Please allow me to explain my family’s dietary lifestyle choice, but first just let me make myself a ham and cheese sandwich. Kidding. I haven’t eaten a pig (on purpose) since 1990. I may have scarfed down some bacon in a hungover daze or ingested the occasional undetected bacon bit in a Caesar salad over the years, but for the most part, there is never intentional pork on my fork.
I wasn’t really a meat lover growing up, but I tucked in because I needed the meat derived protein. Hello, Canada Food Guide conspiracy. More on that in an upcoming post. My family ate mostly chicken, fish, and the occasional lamb chop—to be clear, I was really only interested in the mint jelly sauce. Steak at our house was rare (as in infrequent, but cooked to a leathery chew-until-next-Tuesday texture). We ate eggs and drank milk, because, ahem…healthy. Little did we know milk, touted for its mega calcium propelled bone building properties, was in fact leaching the calcium from our bones. More on THAT later too. Spoiler alert: Casein is a dietary devil cloaked in a milky white washed dairy deception.
In 1990, my first year at university, I wrote a paper on the use of animals for cosmetic testing for my Deviant Behaviours class. I was horrified. We all know now about the pointless cruelty and suffering involved in such testing. It’s disgusting. During that course of study I read John Robbins’, “Diet for a New America” and it changed the way I thought about food and where it comes from. I became a card carrying vegetarian immediately. I was of the ovo-lacto variety because eggs weren’t actual animals (I know, I know. I had no idea at that time about the horror of factory farming) and milk because god knows, we as full grown adults NEED to drink the milk of another species. Not creepy at all, and compleeeeeetely necessary for our overall well being. Yes, that was dripping with sarcasm.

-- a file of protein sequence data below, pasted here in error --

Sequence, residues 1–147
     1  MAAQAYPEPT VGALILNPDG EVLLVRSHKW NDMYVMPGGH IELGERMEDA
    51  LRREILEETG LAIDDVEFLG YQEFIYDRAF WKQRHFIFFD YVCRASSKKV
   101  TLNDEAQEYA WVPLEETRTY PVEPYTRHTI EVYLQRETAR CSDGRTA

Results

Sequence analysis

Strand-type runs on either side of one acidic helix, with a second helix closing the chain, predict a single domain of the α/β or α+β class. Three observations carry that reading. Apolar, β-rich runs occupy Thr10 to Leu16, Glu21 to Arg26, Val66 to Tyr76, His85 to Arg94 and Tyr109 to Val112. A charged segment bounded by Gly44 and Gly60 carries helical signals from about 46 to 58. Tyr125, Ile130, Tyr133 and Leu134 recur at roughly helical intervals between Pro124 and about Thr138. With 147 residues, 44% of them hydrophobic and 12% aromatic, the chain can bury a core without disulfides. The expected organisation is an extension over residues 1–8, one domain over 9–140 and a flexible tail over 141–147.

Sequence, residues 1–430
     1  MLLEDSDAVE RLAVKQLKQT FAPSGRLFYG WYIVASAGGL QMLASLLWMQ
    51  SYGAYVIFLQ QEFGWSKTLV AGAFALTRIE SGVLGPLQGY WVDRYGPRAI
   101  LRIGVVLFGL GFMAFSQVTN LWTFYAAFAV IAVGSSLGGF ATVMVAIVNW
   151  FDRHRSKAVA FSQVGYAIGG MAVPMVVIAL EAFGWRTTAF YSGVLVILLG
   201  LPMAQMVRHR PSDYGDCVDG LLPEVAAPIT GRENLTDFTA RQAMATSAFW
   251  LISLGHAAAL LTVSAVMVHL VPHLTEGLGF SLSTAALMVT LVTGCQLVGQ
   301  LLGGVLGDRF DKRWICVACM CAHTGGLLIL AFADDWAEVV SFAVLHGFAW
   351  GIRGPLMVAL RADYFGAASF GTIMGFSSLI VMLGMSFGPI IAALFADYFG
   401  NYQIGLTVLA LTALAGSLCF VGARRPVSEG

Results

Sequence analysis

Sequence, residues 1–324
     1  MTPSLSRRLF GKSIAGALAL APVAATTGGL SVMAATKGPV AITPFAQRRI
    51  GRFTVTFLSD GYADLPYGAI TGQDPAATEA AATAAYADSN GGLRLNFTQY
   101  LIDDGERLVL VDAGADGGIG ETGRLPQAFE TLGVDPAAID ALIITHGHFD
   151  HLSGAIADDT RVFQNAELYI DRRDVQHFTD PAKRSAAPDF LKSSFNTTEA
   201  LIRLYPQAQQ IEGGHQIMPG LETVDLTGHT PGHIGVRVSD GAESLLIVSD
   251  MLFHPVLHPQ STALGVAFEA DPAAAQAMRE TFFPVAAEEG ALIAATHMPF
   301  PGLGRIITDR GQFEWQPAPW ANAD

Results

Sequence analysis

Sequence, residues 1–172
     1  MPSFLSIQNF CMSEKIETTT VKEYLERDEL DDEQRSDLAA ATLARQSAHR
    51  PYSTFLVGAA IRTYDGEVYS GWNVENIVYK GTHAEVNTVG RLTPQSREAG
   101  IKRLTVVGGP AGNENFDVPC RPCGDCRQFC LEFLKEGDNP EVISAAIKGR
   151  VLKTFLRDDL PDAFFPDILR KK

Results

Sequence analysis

I ate a vegetarian diet happily for ten years. I was a healthy weight, my hair shone like a golden retriever’s, my skin was clear, I had loads of energy, I didn’t bloat. Life was compassionately delicious.
But from the moment our first child was conceived, the cravings hit hard. I needed it. I wanted it. I had to have it. Mmmmmeat. I couldn’t get it into my face fast enough. They knew us by name at The Keg by the time Sebastian was born. My husband jokes that the first time I wrapped my lips around a t-bone (not a euphemism) it was like a scene from Mutual of Omaha’s Wild Kingdom.
After our second child was born and I finished nursing, the cravings and the idea that “meat was necessary” faded away and my husband and I adopted a Flexitarian lifestyle. People think we made up that term. It’s really is a way of eating and it’s diet we’ve followed until recently.
We offered both of our children meat and dairy when they were ready—chicken, turkey, fish, eggs, milk and cheese. Sebastian, with the exception of cheese and yogurt detested all of them. To this day, cows milk makes him gag. When he was a toddler, he would ask, “What did this used to be?” (he was asking about the origins of his chicken fingers). “A chicken,” we told him. He didn’t like that answer. Not at all.
Flash forward to today—Sebastian is nearly twelve and has strong opinions about the world. He believes it is wrong to kill animals unnecessarily. And he’s right. I know he’s right, but I also know how tasty turkey bacon is along side my eggs and buttered toast.